Motion Picture Industry Takes Action Against Rochester Area Internet Thieves.
Motion Picture Association of America, Inc. (MPAA) on behalf of the major motion picture studios filed three lawsuits in Rochester, New York today against individuals who have been illegally downloading and swapping movies online using peer to peer software. The lawsuits and public identification of individuals who illegally download and trade movies online are part of the motion picture industry?s campaign to fight film piracy and raise awareness about the damaging phenomenon and the consequences of illegal file-swapping.
?Internet piracy is happening in cities all across America, from Rochester, New York to Waco, Texas,? said MPAA Worldwide Anti-Piracy Director John G. Malcolm. ?We won?t stand by while people steal valuable copyrighted material with no regard whatsoever for the law or for the rights of creative people to be paid for their efforts. With these lawsuits, our message to Internet thieves becomes loud and clear - you are not anonymous, we will find you, and you will be held responsible: You can click but you can?t hide.?
In Rochester, lawsuits were filed against Margaret Murray, Larry Ovington and Cecil Paige. Last November, the MPAA announced that in conjunction with its members and other film studios, it was expanding its campaign against film piracy. The major movie studios filed lawsuits against individuals as end-users who have illegally downloaded or traded movies via the Internet. Since then, a number of those individuals have been contacted and asked to settle with the member companies. Those who have not settled are being named in individual lawsuits.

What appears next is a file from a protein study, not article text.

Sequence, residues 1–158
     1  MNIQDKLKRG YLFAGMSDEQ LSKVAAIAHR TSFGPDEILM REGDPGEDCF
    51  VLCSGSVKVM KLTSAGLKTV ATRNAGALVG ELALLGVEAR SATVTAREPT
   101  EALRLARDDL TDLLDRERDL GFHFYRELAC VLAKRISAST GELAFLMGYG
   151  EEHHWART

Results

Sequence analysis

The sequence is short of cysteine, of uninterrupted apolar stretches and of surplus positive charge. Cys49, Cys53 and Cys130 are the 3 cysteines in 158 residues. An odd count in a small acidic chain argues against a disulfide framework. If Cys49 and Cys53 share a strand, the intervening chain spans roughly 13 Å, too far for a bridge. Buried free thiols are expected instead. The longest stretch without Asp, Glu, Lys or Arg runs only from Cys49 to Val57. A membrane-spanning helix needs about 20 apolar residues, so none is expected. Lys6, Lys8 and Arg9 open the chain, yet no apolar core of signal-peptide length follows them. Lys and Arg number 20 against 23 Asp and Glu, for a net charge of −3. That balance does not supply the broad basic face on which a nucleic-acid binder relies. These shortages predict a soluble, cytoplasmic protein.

The civil suits seek damages and injunctive relief. Under the Copyright Act, statutory damages can be as much as $30,000 for each separate motion picture illegally copied or distributed by an individual over the Internet, and as much as $150,000 per motion picture if such infringement is proven to be willful. Criminal penalties carry a sentence of up to five years in prison and up to ten years for repeat offenders.
A federal interagency report published in 2004, estimated that counterfeit and pirated goods, including those of copyrighted works cost the American economy $250 billion a year. In response to the report, the U.S. Justice Department and other federal agencies have committed to increased law-enforcement and prosecutorial efforts against pirated and counterfeit goods. And last week, President Bush created the first ever Coordinator for International Intellectual Property Enforcement to help fight piracy. A Smith Barney study said that the motion picture industry lost up to $5.4 billion this year due to piracy.
In June, the United States Supreme Court in the case of MGM vs. Grokster made the unanimous decision that so-called peer to peer software companies who facilitate the illegal swapping of copyrighted material online are infringing on copyright laws. Those who download and swap via peer to peer networks like the individuals above are parties to peddling of illegal materials.
The MPAA and its member companies have a multi-pronged approach to fighting piracy, which includes educating people about the consequences of piracy, taking action against Internet thieves, working with law enforcement authorities around the world to root out pirate operations and working to ensure movies are available legally using advanced technology.